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Heparan sulfate side chains are essential for the modulation of IL-1 signaLs by syndecan-4 in RA synovial fibroblasts
  1. Lars Godmann1,
  2. Athanasios Stratis1,
  3. Christoph Cromme1,
  4. Frank Echtermeyer2,
  5. Thomas Pap1,
  6. Jessica Bertrand1,3
  1. 1Institute of Experimental Musculoskeletal Medicine, University of Münster, Münster, Germany
  2. 2Devision of Experimental Anaesthesiology, Department of Anaesthesiology and Intensive Care, Medical University Hannover, Hannover, Germany
  3. 3Experimental Medicine and Rheumatology, William Harvey Research Institute, Queen Mary University of London, London, UK


Background and objectives Activated synovial fibroblasts (SFs) are key players during RA disease progression. They exhibit a tumour-like invasive behavior, which is most likely induced by a continuous stimulation with ECM molecules, growth-factors and inflammatory cytokines, like IL-1. Syndecan-4 (sdc4), a transmembrane heparan sulfate proteoglycan, has been implicated recently in the modulation of cytokine signaling and has been found to be upregulated in RA-SF. Specifically, sdc4 is been shown to be involved in Erk signalling upon IL-1 stimulation in chondrocytes. However, the role of scd4 side chains and the underlying mechanisms of sdc4 signaling are largely unknown.

Materials and methods In order investigate the influence of heperan sulfate side chains on sdc4 signaling, different sdc4 side chain mutants were designed using overlap PCR. The authors mutated the serine residues, which constitute the heparan sulphate attachment sites to alanines, thereby preventing side chain asssembly. Laser scanning fluorescence microscopy of transiently transfected Cos-7 cells was performed to analyse the membrane localisation of the generated mutants. The multimerisation pattern of the different sdc4 mutants was analysed using crosslinking upon IL-1 stimulation and subsequent Western blot analysis. Furthermore, fibroblasts lacking sdc4, the IL-1 receptor (IL1-RI) or both were stimulated with IL-1 to unravel the interaction of the IL-1RI and scd4 in IL-1 signaling. Erk1/2 was chosen as readout.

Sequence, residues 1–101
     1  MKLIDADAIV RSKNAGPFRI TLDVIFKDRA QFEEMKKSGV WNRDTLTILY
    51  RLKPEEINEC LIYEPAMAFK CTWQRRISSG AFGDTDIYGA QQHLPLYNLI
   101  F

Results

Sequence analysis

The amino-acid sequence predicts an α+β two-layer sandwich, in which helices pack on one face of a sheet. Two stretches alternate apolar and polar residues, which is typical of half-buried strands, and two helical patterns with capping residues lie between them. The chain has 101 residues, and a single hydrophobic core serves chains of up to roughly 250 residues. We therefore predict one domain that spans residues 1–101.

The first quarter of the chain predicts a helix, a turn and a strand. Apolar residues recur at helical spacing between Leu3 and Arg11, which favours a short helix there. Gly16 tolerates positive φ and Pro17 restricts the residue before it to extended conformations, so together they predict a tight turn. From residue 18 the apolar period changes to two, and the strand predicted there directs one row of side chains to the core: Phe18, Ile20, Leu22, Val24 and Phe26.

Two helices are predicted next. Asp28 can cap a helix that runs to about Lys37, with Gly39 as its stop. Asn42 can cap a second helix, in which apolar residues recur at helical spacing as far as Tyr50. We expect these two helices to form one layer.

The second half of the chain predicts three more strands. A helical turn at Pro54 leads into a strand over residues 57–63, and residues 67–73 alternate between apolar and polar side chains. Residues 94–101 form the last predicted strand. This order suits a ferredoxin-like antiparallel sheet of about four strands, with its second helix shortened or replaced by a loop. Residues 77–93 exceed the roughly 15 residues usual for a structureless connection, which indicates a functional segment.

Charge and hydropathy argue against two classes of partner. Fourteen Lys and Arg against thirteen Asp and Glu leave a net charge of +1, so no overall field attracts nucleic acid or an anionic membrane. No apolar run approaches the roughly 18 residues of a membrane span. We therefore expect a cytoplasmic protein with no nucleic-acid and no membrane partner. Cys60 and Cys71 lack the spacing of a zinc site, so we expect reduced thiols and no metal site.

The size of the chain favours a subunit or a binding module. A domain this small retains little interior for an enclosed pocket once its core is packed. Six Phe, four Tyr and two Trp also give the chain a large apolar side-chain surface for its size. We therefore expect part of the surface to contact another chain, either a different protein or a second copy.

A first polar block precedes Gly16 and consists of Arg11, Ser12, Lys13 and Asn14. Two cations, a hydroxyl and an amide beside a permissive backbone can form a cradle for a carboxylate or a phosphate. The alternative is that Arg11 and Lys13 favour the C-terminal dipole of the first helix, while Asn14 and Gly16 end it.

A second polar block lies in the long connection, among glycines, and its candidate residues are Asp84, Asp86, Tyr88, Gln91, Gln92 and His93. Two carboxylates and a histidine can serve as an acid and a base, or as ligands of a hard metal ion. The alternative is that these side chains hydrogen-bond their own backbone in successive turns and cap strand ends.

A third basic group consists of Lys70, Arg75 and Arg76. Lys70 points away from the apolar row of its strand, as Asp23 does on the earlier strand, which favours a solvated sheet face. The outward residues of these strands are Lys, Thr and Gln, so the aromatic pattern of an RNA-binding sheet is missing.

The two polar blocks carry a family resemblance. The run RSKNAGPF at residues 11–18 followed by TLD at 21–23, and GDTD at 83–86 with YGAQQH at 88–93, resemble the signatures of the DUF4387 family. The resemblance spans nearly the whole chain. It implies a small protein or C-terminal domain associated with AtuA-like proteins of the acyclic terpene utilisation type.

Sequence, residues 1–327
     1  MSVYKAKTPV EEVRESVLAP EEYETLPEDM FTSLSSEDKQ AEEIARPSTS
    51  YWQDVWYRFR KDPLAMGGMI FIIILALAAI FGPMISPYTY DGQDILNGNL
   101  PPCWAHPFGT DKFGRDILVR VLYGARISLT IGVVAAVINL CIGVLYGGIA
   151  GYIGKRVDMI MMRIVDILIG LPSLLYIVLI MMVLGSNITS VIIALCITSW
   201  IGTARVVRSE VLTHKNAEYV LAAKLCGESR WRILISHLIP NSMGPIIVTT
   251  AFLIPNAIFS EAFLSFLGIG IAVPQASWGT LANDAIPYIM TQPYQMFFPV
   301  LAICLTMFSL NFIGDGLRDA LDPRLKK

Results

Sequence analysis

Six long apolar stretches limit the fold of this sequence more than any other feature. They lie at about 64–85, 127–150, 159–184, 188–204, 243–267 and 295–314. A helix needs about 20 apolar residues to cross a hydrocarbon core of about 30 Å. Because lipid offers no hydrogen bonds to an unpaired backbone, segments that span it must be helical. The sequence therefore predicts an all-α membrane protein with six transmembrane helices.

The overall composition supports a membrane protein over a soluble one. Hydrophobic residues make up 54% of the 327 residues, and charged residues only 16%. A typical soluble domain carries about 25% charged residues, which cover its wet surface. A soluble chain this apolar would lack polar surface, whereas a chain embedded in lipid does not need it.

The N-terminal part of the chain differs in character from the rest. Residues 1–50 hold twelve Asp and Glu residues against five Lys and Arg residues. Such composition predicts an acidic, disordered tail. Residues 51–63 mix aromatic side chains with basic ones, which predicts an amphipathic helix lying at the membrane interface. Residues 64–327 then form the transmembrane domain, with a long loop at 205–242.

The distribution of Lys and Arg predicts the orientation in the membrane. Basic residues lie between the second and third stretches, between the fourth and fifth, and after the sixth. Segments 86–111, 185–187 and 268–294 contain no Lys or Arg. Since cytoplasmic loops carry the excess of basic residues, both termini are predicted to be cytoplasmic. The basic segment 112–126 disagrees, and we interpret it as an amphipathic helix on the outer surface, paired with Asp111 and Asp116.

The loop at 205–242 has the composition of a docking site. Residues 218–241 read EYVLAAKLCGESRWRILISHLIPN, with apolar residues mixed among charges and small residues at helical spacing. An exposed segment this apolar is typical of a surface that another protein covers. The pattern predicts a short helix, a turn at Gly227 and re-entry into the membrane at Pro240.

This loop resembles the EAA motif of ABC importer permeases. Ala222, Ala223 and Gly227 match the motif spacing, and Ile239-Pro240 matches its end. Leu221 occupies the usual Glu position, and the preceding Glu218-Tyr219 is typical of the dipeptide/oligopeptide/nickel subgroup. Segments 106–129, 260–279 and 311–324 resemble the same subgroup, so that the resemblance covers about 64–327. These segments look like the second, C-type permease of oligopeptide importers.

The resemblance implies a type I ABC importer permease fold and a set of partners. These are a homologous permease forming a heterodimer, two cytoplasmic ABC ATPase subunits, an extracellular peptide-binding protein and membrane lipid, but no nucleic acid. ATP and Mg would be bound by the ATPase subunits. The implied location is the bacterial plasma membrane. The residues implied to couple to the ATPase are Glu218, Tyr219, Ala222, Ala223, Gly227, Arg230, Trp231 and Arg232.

Results The authors showed that all sdc4 side chain lacking mutants exhibited normal intracellular trafficking into the cell membrane. While wild type sdc4 showed normal multimerisation, the side chain mutants exhibited an impaired sdc4 complex formation, particularly with respect to tetramers. Furthermore, the authors found by our cross-linking experiments that sdc4 undergoes complex formation upon IL-1 stimulation. Analysing downstream signaling, sdc4-/- cells showed less IL-1 induced Erk1/2 phosphorylation, while IL-1 induced Erk1/2 phosphorylation was virtually abolished in cells without IL-1RI. The loss of both proteins completely prevented IL-1 dependent Erk1/2 phosphorylation. When comparing the effects of IL-1α and IL-1β on Erk1/2 phosphorylation, the authors found that IL-1β led to faster and more pronounced increase in phosphorylation levels compared to IL-1α.

Conclusion In conclusion, heparan sulfate side chains are essential for multimerisation of sdc4 and IL-1 stimulation promotes sdc4 complex formation. Additionally, sdc4 seems to be involved in IL-1 signaling and has an additive or even regulatory effect on IL-1 signaling. Therefore, sdc4 complex formation in RA-SF might be an important step in signal transduction during RA disease progression.

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